From A weekly newsletter from the U.S. Department of Energy's (DOE) Office of Energy Efficiency and Renewable Energy (EERE). The EERE Network News is also available on the Web at:

Largest Solar Thermal Plant in 16 Years Now Online – Acciona Energy announced last week that Nevada Solar One, a 16-megawatt solar thermal power plant near Boulder City, Nevada, is now online. The new facility is the largest of its type to be built in the world since 1991, although a 1-megawatt solar thermal plant was built in Arizona last year. Like its predecessors, Nevada Solar One relies on long lines of trough-shaped parabolic mirrors that focus the sun's heat onto a receiver tube filled with a heat transfer fluid, such as oil. The fluid is heated to about 750 degrees Fahrenheit and is then used to produce steam, which drives a turbine and generator to produce electricity. The Nevada Solar One plant consists of 47 miles of parabolic mirrors arranged in a grid and will produce enough power to supply 15,000 average U.S. homes. See the Acciona Energy Web site.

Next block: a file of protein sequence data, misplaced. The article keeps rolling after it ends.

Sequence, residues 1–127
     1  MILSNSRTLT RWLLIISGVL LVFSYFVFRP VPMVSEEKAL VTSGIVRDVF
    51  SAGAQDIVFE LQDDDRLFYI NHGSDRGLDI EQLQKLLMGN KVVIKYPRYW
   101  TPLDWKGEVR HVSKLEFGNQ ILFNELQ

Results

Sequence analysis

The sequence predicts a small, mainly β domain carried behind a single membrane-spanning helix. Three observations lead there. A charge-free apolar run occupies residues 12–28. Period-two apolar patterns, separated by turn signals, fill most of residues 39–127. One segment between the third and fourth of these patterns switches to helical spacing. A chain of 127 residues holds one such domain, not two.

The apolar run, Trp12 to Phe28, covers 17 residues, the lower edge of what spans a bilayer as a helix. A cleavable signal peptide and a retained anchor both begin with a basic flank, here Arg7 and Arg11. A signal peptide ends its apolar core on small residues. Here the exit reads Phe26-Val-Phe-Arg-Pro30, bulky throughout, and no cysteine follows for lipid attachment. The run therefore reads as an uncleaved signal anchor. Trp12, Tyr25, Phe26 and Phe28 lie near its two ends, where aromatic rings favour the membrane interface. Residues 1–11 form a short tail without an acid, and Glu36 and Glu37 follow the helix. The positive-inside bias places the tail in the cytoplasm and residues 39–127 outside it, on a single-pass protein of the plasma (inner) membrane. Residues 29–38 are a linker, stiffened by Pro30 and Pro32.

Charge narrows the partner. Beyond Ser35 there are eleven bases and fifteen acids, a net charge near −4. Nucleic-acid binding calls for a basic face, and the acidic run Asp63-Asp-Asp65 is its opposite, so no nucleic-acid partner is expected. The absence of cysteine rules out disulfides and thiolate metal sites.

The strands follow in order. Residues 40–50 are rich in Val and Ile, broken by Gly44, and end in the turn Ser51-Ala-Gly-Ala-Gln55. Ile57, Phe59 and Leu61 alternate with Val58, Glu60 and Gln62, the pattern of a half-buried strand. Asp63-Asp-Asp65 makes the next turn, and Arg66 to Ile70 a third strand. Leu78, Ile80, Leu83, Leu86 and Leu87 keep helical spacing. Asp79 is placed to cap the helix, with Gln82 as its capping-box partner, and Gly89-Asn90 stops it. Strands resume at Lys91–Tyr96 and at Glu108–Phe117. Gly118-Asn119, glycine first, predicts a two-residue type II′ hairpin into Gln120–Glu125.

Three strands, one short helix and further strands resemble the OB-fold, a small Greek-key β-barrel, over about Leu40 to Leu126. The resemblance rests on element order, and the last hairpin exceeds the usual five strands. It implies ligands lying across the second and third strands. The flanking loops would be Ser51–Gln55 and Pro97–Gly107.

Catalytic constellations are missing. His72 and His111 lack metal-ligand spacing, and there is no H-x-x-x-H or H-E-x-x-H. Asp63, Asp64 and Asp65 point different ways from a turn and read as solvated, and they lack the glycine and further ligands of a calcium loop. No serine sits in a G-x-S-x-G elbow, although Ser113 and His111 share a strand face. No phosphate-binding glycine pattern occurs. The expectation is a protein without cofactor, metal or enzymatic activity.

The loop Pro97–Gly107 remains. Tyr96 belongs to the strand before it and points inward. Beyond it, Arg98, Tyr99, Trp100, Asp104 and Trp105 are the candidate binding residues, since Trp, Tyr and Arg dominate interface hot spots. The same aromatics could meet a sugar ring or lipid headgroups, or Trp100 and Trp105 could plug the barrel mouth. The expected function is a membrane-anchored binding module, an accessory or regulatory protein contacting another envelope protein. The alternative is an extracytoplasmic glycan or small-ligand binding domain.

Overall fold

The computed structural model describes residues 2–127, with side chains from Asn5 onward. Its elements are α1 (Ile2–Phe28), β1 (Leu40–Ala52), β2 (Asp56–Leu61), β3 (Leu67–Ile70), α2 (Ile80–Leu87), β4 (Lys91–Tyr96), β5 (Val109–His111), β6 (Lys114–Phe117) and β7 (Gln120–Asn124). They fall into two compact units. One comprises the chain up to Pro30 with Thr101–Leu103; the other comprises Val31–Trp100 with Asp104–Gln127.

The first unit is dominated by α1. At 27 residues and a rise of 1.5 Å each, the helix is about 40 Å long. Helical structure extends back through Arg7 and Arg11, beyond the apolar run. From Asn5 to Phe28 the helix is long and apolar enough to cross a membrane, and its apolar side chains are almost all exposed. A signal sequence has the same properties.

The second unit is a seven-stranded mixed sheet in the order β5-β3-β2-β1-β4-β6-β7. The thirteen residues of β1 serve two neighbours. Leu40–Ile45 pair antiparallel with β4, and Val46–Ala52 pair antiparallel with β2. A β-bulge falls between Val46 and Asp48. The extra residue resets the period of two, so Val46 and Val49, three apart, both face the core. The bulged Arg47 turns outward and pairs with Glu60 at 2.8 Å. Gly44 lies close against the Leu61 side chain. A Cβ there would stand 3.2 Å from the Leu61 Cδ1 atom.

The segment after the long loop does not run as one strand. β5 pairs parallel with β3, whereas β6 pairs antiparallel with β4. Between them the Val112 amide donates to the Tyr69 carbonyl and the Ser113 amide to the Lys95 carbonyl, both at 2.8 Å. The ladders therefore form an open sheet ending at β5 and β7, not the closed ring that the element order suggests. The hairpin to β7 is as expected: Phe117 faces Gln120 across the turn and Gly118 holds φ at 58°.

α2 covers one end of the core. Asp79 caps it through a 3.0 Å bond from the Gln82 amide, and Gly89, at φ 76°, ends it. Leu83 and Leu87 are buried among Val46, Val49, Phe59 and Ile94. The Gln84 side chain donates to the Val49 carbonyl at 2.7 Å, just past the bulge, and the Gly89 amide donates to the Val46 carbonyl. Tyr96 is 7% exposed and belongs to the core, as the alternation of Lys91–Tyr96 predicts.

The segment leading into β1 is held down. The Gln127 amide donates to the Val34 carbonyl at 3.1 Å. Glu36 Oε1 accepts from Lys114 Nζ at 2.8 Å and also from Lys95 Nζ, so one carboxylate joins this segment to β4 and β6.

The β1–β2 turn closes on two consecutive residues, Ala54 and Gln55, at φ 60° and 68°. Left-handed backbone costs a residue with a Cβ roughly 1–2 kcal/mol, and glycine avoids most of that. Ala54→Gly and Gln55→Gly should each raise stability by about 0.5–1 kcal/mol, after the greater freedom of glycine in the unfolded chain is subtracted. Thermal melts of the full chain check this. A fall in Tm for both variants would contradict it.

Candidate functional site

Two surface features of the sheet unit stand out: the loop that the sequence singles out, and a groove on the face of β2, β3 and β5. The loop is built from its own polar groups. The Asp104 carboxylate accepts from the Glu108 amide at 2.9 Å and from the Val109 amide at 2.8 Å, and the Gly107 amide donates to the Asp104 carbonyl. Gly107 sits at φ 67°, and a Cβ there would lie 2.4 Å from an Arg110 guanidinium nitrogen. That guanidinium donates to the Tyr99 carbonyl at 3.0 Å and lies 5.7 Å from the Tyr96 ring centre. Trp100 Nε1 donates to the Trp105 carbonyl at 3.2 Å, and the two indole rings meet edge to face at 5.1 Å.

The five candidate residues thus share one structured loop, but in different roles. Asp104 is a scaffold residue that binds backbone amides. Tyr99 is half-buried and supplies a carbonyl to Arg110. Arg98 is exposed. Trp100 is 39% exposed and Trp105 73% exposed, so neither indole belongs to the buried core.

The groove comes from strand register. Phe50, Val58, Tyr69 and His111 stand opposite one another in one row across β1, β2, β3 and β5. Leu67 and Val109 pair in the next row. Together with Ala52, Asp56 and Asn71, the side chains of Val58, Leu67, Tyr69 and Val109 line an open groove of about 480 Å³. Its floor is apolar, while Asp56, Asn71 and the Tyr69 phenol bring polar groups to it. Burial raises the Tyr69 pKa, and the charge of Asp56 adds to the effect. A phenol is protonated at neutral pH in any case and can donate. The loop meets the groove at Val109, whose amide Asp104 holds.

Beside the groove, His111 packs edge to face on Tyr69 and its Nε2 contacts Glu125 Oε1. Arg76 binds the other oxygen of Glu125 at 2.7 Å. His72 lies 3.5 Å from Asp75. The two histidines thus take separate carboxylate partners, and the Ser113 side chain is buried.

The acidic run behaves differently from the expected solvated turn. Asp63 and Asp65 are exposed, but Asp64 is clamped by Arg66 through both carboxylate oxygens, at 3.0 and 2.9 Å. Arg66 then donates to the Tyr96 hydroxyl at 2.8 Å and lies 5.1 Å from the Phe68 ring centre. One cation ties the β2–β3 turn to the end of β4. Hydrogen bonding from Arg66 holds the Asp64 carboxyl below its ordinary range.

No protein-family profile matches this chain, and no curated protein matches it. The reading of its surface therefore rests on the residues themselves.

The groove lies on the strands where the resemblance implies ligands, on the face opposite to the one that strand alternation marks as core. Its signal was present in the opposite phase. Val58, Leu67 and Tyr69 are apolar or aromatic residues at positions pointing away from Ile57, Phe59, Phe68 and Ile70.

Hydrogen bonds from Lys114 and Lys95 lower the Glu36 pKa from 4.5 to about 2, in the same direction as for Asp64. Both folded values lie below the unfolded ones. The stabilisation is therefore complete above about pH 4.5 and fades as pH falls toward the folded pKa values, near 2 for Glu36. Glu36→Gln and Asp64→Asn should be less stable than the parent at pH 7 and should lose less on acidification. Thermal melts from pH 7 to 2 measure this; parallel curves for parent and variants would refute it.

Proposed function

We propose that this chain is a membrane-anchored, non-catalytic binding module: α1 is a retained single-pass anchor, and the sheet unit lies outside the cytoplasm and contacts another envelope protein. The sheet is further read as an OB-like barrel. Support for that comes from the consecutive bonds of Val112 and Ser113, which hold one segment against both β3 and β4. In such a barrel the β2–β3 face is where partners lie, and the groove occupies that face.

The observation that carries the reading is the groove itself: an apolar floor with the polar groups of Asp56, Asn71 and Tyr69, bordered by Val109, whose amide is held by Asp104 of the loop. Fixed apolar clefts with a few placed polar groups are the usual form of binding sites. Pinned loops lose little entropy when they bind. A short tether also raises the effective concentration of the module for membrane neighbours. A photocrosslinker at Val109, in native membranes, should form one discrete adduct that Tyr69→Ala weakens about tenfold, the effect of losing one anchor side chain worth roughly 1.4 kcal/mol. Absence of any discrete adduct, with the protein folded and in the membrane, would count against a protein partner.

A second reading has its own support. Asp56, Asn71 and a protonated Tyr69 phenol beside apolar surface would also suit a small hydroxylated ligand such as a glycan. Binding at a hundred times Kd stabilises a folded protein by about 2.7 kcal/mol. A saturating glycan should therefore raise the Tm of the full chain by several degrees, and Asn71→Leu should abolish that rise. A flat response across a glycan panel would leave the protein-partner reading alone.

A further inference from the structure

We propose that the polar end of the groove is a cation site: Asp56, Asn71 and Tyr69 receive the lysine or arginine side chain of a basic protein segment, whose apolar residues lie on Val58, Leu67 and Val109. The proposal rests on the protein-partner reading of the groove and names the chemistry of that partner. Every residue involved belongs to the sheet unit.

A number of other companies plan to employ parabolic trough technology in the United States, primarily in California. In early April, the California Energy Commission (CEC) announced that it is reviewing the license application for a proposed 563-megawatt power plant near Victorville, about 60 miles northeast of Los Angeles. The proposed facility would produce 50 megawatts of power from parabolic troughs but would generate most of its power from natural gas. In March, Solel Solar Systems, Ltd., an Israeli company, announced a deal to sell thousands of parabolic trough systems to FPL Energy, the co-owner and operator of seven large plants in California's Mojave desert. Solel has a previous deal with FPL Energy to upgrade the receivers at the existing plants, while the new deal will allow for additional power production at those plants. Meanwhile, the Spanish company Solucar Energia, S.A. is developing two solar thermal power plants near Seville, Spain, that employ another technology, called a power tower. The facilities will consist of a large field of heliostats‚ flat mirrors on sun-tracking mounts‚ that focus the sun's heat onto a receiver mounted on a central tower. A heat transfer fluid is pumped through the receiver and used to generate power, just as in a parabolic trough plant. The first power plant, PS10, is 11.02 megawatts in capacity and is essentially complete, with startup scheduled for later this year. Site preparation for the second plant, the 20-megawatt PS20, began last October. The PS10 plant will be the first commercial solar power tower facility in the world. See the Solucar Web site.